The interior of Jupiter is hot: the core
is probably about 20,000 K. The heat is generated by the Kelvin-Helmholtz mechanism, the slow
gravitational compression of the planet. (Jupiter does NOT produce energy by nuclear fusion as in the Sun; it
is much too small and hence its interior is too cool to ignite nuclear reactions.) This interior heat probably
causes convection deep within Jupiter's liquid layers and is probably responsible for the complex motions
we see in the cloud tops. Saturn and Neptune are similar to Jupiter in this respect, but oddly, Uranus is not.
Jupiter is just about as large in diameter as a gas planet can be. If more
material were to be added, it would
be compressed by gravity such that the overall radius would increase only slightly. A star can be larger only
because of its internal (nuclear) heat source. (But Jupiter would have to be at least 80 times more massive to
become a star.)
Jupiter has a huge magnetic field, much stronger than Earth's. Its magnetosphere
extends more than 650
million km (past the orbit of Saturn!). (Note that Jupiter's magnetosphere is far from spherical -- it extends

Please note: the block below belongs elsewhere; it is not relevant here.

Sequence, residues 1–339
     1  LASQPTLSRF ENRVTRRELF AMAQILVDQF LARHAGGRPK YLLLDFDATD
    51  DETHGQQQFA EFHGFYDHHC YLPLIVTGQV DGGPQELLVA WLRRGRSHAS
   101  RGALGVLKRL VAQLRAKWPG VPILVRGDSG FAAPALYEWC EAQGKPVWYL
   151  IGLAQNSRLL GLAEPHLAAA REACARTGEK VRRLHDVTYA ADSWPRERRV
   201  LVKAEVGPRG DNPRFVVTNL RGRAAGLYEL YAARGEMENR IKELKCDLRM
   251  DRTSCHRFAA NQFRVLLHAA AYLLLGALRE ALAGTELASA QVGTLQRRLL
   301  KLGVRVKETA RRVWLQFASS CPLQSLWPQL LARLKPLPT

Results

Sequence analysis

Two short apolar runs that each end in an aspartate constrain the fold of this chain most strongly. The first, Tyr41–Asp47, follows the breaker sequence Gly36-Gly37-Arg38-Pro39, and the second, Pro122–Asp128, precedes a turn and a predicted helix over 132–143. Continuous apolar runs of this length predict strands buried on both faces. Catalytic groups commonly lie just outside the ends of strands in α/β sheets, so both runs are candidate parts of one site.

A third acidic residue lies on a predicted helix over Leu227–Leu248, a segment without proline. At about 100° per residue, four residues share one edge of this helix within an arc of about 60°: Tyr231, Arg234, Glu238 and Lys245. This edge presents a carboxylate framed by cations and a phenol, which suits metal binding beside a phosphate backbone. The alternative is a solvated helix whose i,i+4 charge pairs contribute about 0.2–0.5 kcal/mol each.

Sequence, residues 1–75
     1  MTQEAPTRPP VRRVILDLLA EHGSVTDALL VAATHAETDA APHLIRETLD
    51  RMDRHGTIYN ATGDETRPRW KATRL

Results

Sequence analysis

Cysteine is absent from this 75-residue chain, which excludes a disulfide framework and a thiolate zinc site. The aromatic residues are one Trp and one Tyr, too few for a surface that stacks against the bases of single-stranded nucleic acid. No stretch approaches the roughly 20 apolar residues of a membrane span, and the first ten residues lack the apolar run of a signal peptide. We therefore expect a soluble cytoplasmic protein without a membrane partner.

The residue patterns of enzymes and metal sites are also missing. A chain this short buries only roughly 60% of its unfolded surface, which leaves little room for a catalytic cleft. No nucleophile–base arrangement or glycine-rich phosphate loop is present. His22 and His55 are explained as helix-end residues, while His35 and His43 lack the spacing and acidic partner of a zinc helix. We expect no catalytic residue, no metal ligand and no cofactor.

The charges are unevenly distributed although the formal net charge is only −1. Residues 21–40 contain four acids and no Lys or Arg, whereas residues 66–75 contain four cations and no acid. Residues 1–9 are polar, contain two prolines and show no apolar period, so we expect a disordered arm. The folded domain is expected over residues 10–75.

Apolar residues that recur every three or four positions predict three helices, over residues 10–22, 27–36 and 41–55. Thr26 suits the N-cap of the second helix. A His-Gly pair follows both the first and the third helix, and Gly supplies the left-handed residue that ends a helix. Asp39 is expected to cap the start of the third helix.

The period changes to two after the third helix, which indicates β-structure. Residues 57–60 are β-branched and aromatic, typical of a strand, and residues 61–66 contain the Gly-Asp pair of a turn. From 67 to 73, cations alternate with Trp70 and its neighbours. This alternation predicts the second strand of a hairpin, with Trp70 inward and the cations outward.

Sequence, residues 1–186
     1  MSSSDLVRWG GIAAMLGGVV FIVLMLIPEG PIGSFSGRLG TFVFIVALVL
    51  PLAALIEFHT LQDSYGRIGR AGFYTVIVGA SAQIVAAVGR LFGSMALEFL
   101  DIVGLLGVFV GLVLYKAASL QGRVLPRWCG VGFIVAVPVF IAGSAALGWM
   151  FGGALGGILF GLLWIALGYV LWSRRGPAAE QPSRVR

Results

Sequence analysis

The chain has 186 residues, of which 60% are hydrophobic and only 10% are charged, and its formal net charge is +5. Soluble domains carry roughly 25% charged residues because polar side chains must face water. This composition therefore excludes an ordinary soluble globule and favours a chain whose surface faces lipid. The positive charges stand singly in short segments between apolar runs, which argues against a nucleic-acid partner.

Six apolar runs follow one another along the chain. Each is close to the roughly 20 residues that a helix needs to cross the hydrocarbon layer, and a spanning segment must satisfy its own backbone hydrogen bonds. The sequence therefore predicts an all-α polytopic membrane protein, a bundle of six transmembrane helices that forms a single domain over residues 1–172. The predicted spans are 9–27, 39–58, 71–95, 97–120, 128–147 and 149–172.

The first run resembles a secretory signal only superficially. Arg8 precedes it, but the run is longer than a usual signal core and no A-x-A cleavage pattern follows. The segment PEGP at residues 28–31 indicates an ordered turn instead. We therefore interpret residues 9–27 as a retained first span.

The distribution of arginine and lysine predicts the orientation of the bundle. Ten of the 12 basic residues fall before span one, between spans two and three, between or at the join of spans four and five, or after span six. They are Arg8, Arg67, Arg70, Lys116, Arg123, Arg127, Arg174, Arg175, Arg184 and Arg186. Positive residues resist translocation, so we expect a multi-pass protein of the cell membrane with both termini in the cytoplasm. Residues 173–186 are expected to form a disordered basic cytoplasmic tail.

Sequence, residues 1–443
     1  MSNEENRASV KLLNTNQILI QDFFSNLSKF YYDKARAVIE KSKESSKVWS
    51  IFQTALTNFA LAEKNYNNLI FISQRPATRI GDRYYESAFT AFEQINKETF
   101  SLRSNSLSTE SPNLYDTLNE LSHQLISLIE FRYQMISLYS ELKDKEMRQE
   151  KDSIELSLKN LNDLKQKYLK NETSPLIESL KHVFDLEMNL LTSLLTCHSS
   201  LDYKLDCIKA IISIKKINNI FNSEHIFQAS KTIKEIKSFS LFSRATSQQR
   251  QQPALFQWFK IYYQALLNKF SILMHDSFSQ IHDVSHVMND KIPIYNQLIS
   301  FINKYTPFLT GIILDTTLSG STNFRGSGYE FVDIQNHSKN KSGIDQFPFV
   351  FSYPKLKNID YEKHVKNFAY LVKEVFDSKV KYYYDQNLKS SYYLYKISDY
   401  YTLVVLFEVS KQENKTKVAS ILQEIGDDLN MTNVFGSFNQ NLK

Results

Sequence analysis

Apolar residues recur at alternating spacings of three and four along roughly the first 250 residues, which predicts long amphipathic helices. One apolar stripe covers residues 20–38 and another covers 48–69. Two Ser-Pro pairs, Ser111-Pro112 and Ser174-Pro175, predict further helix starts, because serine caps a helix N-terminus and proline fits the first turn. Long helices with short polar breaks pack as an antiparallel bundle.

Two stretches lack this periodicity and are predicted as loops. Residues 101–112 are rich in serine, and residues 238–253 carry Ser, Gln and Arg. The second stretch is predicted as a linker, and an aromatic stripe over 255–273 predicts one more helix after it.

"only" a few million kilometers in the direction toward the Sun.) Jupiter's moons therefore lie within its
magnetosphere, a fact which may partially explain some of the activity on Io. Unfortunately for future space
travelers and of real concern to the designers of the Voyager and Galileo spacecraft, the environment near
Jupiter contains high levels of energetic particles trapped by Jupiter's magnetic field. This "radiation" is
similar to, but much more intense than, that found within Earth's Van Allen belts. It would be immediately fatal
to an unprotected human being.
The Galileo atmospheric probe discovered a new intense radiation belt between
Jupiter's ring and the
uppermost atmospheric layers. This new belt is approximately 10 times as strong as Earth's Van Allen
radiation belts. Surprisingly, this new belt was also found to contain high energy helium ions of unknown